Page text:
Western shift in Canadian economy gaining momentum

TODD HIRSCH / Guest Columnist

It’s been ongoing for decades already, but the westward drift in Canada’s economic centre of gravity will gain even more momentum in 2011. Here are the top 10 reasons why:

10. Better fiscal environment: Saskatchewan is running a surplus. BC and Manitoba are close. And while Alberta is still running a pretty hefty deficit, the province is debt free and has plenty of savings to dip into. Ontario, on the other hand, is in some trouble.

9. Agriculture: It doesn’t happen too often, but crop farmers in western Canada may actually be smiling this spring. If moisture conditions hold up (and the snow pack this winter suggests they will), it could be a very good year for wheat, barley and canola growers. Prices are stellar.

8. More diversified exports: The western provinces are somewhat more oriented towards China, India and the emerging economies than are points east of the Manitoba-Ontario border. This is especially true in B.C., which sent only 45 per cent of its exports to the U.S. in 2010 (compared with 80 per cent from Ontario). Even the Prairie provinces, with all their energy exports piped south of the 49th parallel, sent slightly less to the U.S. (78 per cent). With the emerging economies leading global growth, the broader trade diversity in the West will be a solid benefit.

7. The soaring loonie: Related to number 8, the higher Canadian dollar will be a disproportionately painful kick in the face to central Canadian exporters whose bread and butter is the U.S. market.

6. Fort McMurray: The oil sands have generated more than their fair share of controversy and problems, but the largest engineering projects on the face of the Earth have taken on a life of their own. That is lifting not only the fortunes of northeastern Alberta, but the manufacturing heartland of central Alberta as well.

5. Conventional oil drilling: Not to be outdone entirely by the glow of the oil sands, western Canada’s conventional oil drillers are having a great year too. Forecasts for wells drilled have been revised upward for 2011. Prices well above $US80 per barrel certainly help. But improved technologies in horizontal drilling — many of which were developed in Alberta — are giving new life and adding reserves to oil fields drilled decades ago.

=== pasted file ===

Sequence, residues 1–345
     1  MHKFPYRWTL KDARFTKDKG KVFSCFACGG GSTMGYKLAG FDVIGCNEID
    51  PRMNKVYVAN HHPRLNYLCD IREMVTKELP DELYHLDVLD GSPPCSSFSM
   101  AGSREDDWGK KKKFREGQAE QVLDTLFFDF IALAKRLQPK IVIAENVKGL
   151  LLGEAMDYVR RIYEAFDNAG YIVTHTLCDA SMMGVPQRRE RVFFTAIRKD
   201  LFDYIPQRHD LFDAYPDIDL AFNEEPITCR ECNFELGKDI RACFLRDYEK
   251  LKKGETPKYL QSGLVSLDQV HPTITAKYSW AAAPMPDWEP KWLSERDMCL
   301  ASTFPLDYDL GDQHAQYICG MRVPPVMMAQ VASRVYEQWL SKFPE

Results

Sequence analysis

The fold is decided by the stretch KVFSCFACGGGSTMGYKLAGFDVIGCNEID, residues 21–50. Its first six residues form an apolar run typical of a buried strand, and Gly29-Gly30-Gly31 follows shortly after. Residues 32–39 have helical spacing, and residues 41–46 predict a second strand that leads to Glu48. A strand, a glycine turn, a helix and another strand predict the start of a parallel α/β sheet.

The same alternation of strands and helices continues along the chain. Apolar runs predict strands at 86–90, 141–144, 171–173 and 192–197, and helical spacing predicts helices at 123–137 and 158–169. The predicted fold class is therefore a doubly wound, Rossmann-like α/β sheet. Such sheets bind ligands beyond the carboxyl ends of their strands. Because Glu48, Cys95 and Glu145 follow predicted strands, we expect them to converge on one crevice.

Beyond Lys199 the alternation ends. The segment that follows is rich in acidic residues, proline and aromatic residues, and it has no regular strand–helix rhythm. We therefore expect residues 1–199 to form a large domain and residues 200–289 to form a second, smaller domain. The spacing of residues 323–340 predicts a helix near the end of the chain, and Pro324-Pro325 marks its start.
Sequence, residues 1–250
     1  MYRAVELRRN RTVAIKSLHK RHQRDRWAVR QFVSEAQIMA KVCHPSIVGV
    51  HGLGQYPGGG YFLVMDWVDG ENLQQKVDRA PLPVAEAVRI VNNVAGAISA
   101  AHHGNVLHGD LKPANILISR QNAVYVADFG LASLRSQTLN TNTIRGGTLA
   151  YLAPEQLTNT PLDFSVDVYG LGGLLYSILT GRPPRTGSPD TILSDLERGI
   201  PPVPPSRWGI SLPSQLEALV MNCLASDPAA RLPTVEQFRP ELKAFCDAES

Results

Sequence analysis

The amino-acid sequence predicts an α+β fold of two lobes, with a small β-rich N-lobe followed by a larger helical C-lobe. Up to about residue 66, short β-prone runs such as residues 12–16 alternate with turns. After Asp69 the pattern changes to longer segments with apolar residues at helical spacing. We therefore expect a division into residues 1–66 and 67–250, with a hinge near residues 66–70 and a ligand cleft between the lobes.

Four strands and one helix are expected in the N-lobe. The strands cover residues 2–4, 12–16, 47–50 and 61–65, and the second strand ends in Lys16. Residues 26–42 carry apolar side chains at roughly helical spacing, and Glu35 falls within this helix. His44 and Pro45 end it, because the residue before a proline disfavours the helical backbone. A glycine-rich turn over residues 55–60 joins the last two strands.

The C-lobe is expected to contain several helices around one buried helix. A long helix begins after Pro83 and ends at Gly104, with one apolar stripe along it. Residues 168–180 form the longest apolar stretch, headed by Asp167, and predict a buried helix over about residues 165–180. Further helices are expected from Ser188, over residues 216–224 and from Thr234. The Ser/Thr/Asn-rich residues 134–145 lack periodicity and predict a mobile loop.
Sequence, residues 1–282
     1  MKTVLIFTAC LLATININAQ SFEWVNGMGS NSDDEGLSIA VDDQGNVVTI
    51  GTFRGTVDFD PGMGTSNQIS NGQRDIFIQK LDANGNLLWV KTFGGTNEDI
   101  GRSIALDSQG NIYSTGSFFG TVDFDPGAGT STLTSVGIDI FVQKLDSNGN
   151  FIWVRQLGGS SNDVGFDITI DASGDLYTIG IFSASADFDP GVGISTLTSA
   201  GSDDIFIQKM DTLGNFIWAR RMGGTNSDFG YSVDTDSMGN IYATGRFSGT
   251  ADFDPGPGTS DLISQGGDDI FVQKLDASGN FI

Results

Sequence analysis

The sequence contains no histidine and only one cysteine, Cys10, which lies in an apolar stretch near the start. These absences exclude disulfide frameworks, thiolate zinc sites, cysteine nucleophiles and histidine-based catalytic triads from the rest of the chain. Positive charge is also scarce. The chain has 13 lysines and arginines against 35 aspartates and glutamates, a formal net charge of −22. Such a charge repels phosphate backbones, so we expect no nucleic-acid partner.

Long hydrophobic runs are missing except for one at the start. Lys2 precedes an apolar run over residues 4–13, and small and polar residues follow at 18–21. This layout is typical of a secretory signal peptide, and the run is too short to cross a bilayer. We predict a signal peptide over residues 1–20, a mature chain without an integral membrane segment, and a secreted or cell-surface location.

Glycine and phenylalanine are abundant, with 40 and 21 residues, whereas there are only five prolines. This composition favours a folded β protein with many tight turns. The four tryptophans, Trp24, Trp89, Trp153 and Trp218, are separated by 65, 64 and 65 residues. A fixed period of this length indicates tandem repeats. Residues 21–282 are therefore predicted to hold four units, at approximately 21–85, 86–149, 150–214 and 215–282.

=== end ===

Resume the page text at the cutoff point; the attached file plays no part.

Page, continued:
4. Non-oil resources: With the exception of natural gas, almost all of Canada’s natural resources are enjoying high prices in 2011. The world needs ‘em, and Western Canada’s got ‘em! That will boost activity in potash, base metals, and even forestry.

3. Jobs, jobs, jobs: Through the recession, employment in Saskatchewan and Manitoba didn’t even drop, and with the recovery in 2010, job creation has picked up. B.C.’s hit a soft patch post Olympics, and Alberta suffered the worst hit (proportionately) during the downturn. But through thick and thin, unemployment rates across Western Canada remain lower than in central or Atlantic Canada. That will help pull job seekers to the West.

2. Growing cities: They may not be the size of greater Toronto or Montreal, but Western Canada’s urban municipalities are showing some of the fastest growth rates in the country. Saskatoon took the top spot as the fastest growing population in Canada, and two other western Canadian cities — Vancouver and Regina — placed second and third.

1. A global glow: With the surge in mergers, acquisitions, and equity sales for Canadian energy companies, Calgary is gaining tremendously in global investment banking. According to a study by one large global financial player, Canada now ranks fourth in the world (behind the U.S., UK and Japan) in generating investment banking fees. The big growth has been in Calgary as big players like Barclays Capital, Credit Suisse, and Citigroup scoop up talent and office space.

All of this will put western Canada on top of the national growth chart in 2011 — and indeed in an enviable position among most of the global economies.

Todd Hirsch is a business columnist with Troy Media.

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